Alpha roll

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An alpha roll is a technique used in dog training to discipline a misbehaving dog. It consists of flipping the dog onto its back and holding it in that position, sometimes by the throat. The theory is that this teaches the dog that the trainer is the pack leader (or alpha animal).


The alpha roll was first widely popularized by the Monks of New Skete, in the 1978 book "How To Be Your Dog's Best Friend".[1] (In the 2002 second edition of the book, the monks recanted and strongly discouraged the technique, describing it as "too risky and demanding for the average dog owner."[2]) Although the 1976 book itself is widely regarded as a classic in dog training literature and highly recommended for people trying to better understand their dog, the alpha roll is now highly controversial among animal behaviorists, since the theory of canine dominance has been drawn into question. In the original context, the alpha roll was only meant to be used in the most serious cases.[3] The theory behind the alpha roll is based on a research study of captive wolves kept in an area too small for their numbers and composed of members that wouldn't be found together in a pack in the wild. These conditions resulted in increased numbers of conflicts that scientists today know are not typical of wolves living in the wild.[4] Behaviors seen in wolves (specifically the alpha roll) living in atypical social groups and crowded conditions does not translate to dog training especially since using the technique can be harmful to the handler and the dog.[5]


It has been argued by some that a dog will only forcibly flip another animal onto its back during a serious fight where the intent may be to kill the opponent[6][7][unreliable source?].

Further, the name alpha roll is considered a misnomer by top wolf experts, such as David Mech, because the practice as used as a behavioral correction bears little relation to the natural behavior shown by wolves in the wild. Dr. Mech refers to this behavior as pinning, which he describes as a dominance behavior.[8] These dominance behaviors are shown significantly more often by the breeding pair of the pack, but the purpose or role of the behavior is controversial.

This suggests that this ritual does not serve as a behavioral correction or punishment, nor as a reinforcement of the dominance of the breeding pair. On the other hand, dyadic play between wolves involves behavior like pinning. Wolf puppy play patterns demonstrate that puppies prefer to assume the dominant role in play (see dog behavior), and avoid the submissive roles such as being pinned. This suggests that dogs do not instinctually panic if they are forced into this submissive position against their will. Although neither of these positions speaks directly to the issue of whether the alpha roll is an effective correction tool, it does call into question the behavioral validity of the technique.

Contemporary use[edit]

Position statements on dominance released by AVSAB and APDT in 2009 draw into question the science behind techniques that rely on dominance theory. It should never be used by inexperienced trainers, and never to correct undesired behavior caused by the dog's failure to understand your command. Used in a controlled way and coupled with praise and rewards when the dog changes its behavior appropriately, it may have positive effect, but there is disagreement about its long-term effectiveness and safety. A 2009 study by University of Bristol’s Department of Clinical Veterinary Sciences showed that methods of handling that relied on dominance theory actually provoked aggressive behavior in dogs with no previous known history of aggression.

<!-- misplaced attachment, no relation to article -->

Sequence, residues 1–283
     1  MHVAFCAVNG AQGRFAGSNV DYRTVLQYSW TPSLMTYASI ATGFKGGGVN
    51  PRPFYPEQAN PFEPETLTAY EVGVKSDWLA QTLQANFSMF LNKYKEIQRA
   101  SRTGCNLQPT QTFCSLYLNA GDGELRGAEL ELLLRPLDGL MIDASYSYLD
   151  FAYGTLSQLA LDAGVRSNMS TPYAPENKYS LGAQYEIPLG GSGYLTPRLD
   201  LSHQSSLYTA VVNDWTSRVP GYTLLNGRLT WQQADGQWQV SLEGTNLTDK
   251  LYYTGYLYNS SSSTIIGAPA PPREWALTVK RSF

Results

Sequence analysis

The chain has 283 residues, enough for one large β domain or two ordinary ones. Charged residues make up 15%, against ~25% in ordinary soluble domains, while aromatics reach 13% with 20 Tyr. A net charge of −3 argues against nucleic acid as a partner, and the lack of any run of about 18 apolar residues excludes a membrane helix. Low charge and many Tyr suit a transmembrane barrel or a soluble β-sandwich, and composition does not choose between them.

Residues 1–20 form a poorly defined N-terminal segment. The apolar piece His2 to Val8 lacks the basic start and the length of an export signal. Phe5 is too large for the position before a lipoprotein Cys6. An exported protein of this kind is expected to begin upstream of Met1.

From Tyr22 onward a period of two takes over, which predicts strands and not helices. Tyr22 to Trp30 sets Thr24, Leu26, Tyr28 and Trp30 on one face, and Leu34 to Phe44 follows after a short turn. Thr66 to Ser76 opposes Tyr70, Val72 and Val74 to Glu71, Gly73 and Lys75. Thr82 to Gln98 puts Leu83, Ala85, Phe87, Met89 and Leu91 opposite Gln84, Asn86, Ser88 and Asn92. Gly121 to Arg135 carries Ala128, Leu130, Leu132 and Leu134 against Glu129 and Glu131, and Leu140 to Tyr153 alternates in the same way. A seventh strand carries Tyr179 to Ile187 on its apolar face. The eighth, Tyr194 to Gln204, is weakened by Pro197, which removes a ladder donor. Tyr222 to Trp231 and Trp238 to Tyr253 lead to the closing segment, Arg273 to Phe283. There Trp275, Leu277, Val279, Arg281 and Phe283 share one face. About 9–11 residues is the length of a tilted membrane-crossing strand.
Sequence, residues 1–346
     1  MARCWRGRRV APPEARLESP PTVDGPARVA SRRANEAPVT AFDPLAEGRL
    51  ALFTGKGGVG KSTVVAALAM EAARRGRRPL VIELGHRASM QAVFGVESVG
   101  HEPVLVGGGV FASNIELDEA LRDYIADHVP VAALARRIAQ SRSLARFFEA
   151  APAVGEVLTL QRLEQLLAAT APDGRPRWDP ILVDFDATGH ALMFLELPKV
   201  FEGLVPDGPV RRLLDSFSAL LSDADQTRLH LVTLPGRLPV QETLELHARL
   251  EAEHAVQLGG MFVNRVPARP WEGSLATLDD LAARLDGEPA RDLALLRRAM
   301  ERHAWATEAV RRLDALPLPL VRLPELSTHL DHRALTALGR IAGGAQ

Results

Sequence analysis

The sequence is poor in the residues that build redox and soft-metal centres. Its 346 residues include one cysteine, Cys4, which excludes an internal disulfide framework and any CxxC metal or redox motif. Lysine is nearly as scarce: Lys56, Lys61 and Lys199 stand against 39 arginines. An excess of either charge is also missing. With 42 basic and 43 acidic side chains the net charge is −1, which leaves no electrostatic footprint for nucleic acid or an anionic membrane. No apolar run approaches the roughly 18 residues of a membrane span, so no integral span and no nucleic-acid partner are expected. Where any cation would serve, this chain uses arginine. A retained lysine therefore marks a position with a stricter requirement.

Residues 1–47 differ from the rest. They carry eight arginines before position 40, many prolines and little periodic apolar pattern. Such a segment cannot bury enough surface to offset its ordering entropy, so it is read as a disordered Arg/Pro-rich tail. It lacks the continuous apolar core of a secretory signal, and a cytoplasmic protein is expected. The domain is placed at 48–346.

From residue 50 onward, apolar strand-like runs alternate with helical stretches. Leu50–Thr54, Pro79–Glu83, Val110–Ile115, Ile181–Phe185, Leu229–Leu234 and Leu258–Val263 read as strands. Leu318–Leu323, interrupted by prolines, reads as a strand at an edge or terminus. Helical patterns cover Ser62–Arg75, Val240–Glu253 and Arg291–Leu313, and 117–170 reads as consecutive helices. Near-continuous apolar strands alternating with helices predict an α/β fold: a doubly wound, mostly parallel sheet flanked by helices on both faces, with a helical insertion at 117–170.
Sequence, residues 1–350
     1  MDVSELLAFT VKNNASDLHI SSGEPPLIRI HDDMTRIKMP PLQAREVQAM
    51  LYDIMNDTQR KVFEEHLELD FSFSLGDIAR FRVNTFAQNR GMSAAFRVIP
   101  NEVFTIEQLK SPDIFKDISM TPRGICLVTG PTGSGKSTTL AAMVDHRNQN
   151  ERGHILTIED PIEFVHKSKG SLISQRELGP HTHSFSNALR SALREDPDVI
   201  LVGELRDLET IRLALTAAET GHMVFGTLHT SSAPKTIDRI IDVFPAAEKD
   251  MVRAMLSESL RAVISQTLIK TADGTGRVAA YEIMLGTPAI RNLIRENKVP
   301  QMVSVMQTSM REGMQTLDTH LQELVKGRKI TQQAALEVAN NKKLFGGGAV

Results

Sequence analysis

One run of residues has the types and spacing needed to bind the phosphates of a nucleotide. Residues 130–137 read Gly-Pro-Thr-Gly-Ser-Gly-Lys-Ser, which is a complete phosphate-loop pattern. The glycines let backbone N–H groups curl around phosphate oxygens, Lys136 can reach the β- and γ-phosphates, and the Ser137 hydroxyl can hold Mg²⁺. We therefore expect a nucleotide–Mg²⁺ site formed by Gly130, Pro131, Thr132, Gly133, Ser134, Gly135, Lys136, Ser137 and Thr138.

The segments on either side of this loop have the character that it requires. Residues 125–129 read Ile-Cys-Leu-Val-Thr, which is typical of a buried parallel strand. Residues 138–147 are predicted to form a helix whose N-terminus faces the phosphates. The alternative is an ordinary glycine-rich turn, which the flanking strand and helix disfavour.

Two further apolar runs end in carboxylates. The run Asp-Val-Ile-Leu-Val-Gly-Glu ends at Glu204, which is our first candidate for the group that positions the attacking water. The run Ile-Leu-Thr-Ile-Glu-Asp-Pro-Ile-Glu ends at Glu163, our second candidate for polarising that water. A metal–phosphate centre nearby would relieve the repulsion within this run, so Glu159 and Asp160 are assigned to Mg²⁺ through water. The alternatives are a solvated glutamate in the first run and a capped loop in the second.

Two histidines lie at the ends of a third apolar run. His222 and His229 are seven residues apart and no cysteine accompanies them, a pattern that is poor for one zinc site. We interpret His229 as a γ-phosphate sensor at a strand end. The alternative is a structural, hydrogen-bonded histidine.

Further sources[edit]


  1. ^ Monks of New Skete, The (1978). How To Be Your Dog's Best Friend. Little, Brown & Company. ISBN 0-316-60491-7. 
  2. ^ Monks of New Skete, The (2002). How To Be Your Dog's Best Friend. Little, Brown & Company. ISBN 0-316-61000-3. In the original edition of this book, we recommended a technique we termed "the alpha-wolf rollover"...We no longer recommend this technique and strongly discourage its use to our clients.... The conditions in which it might be used effectively are simply too risky and demanding for the average dog owner; there are other ways of dealing with problem behavior that are much safer and, in the long run, just as effective. 
  3. ^ AVSAB. "Position Statement on the Use of Dominance Theory in Behavior Modification of Animals" (PDF). American Veterinary Society of Animal Behavior. Retrieved 4 May 2011. 
  4. ^ Adam Miklosi, PhD (2007). Dog Behavior, Evolution and Cognition. Oxford University Press. pp. 83–93. ISBN 978-0-19-295852-5. 
  5. ^ Sophia Yin, DVM, MS. "New Study Finds Popular "Alpha Dog" Training Techniques Can Cause More Harm Than Good". Retrieved 5 May 2011. 
  6. ^ Nicole Wilde, CPDT (2001). "Leadership vs. Dominance". Retrieved 8 October 2007. 
  7. ^ Dr. Ian Dunbar. "History & Misconceptions of Dominance Theory". Archived from the original on 27 September 2007. Retrieved 8 October 2007. 
  8. ^ L. David Mech (1999). "Alpha status, dominance, and division of labor in wolf packs" (PDF). Canadian Journal of Zoology 77:1196-1203. Retrieved 8 October 2007.